Validation and investigation of the Quality of Work-Life Scale within selected South African manufacturing organisations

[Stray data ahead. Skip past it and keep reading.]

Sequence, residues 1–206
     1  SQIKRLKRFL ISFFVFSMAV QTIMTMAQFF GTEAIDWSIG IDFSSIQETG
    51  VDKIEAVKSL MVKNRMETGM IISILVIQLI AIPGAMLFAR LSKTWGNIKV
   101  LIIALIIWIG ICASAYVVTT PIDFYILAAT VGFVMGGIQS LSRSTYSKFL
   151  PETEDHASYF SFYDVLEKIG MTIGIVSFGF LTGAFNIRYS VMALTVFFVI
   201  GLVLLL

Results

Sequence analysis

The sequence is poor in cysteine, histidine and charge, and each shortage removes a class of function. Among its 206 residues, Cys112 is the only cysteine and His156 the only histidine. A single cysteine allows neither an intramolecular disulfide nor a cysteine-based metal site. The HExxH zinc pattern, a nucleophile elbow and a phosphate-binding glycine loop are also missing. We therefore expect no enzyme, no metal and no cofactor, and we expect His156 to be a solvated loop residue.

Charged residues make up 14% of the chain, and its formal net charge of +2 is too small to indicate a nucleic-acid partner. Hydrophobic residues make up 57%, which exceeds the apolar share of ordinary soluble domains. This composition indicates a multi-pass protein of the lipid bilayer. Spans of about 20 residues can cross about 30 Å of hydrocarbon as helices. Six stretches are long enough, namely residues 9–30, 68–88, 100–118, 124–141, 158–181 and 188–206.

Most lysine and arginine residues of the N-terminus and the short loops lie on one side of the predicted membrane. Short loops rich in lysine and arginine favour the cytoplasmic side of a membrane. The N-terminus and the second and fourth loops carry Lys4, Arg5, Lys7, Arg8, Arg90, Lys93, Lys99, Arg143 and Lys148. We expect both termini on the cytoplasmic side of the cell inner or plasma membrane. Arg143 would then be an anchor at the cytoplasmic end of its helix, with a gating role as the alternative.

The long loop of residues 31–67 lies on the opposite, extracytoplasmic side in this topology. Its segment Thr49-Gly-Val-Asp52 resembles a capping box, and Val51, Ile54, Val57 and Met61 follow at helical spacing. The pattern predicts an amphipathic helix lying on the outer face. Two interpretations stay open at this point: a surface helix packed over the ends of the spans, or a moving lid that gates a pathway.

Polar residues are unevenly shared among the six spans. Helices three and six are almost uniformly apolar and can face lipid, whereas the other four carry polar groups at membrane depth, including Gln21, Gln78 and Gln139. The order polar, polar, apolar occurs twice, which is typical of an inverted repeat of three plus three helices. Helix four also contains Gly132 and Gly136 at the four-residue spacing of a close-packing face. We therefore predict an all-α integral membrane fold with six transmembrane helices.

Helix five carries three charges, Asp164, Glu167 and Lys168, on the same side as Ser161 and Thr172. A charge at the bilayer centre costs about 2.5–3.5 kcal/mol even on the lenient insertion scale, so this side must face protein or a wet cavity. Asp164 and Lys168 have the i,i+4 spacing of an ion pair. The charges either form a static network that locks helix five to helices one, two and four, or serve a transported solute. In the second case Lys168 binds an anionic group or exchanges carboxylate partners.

Quality of work life plays a vital role in the performance and growth of an organisation and its employees. Quality of work life entails the degree to which employees’ personal and working needs are met while working in the organisation. There is criticism that the manufacturing industry does not provide opportunities for employees to fulfil their personal and working needs. Thus, by improving the quality of work life of employees, the organisation will be able to deal with the stressors surrounding the criticism. However, to date there are no evidence that a measurement for quality of work life was validated in the South African context. As a result, the applicability of this construct and the impact of improving the quality of the work life for employees within selected South African organisations is unknown. The present study postulated that organisations implementing strategies and interventions to improve quality of work life and organisational commitment, will decrease the level of turnover intention, which may lead to improved performance, higher profitability and increased growth of the organisation – and benefit employees. Therefore, it is important to create awareness on quality of work life, organisational commitment and turnover intention among organisations and employees alike. Currently, however, there is a lack of research on the relationship between quality of work life, organisational commitment and turnover intention among employees within selected South African manufacturing organisations. Therefore, it is important to investigate these relationships. The general objective of this study initially was to determine the psychometric properties of the Quality of Work Life scale, in terms of its validity and reliability, in the South African context. A further aim was to determine the relationship between quality of work life, organisational commitment and turnover intention; and whether organisational commitment mediates the relationship between quality of work life and turnover intention among employees within selected South African manufacturing organisations. The study used a cross-sectional research design. A combined convenience and purposive non-probability sampling technique was utilised (N = 400) to collect data within manufacturing organisations. Descriptive statistics (i.e. means standard deviation, skewness and kurtosis) as method was used to analyse the data. Exploratory factor analysis was done to determine whether the Quality of Work Life scale was valid in the South African context, through investigating the item loading. Furthermore, convergent validity was determined by investigating the relationship between all nine dimensions of the mentioned scale. The reliability of the constructs was also calculated through Cronbach’s alpha coefficients. The data were analysed through inferential statistics (i.e. confirmatory factor analyses, correlations, multiple regression analyses and structural equation modelling) as tested by the IBM SPSS and AMOS programmes. The results indicated that not all 50 items of the Quality of Work Life scale have high corrected item -total correlations, therefore, three of the 50 items were removed. From the Quality of Work Life scale, (with 47 items), all nine dimensions were investigated further, namely: working environment, organisational culture and climate, relations and co-operations, training and development, compensation and rewards, facilities, job satisfaction and job security, autonomy of work and adequacy of resources. For all these dimensions, acceptable levels of reliability were found, as well as positive interrelationships. The results provided evidence that all the mentioned nine dimensions of quality of work life have a significant negative relationship (with large effect) with turnover intention. Furthermore, it was found that quality of work life significantly predicts organisational commitment and turnover intention. The results also indicated that organisational commitment partially mediates (with medium effect) the relationship between quality of work life and turnover intention. The findings thus confirmed that organisations developing strategies and interventions to increase the levels of quality of work life and organisational commitment, will not only experience increased performance among employees; the organisation’s performance as a whole will improve significantly. To round off the study, conclusions were drawn, and recommendations made for future research and practice.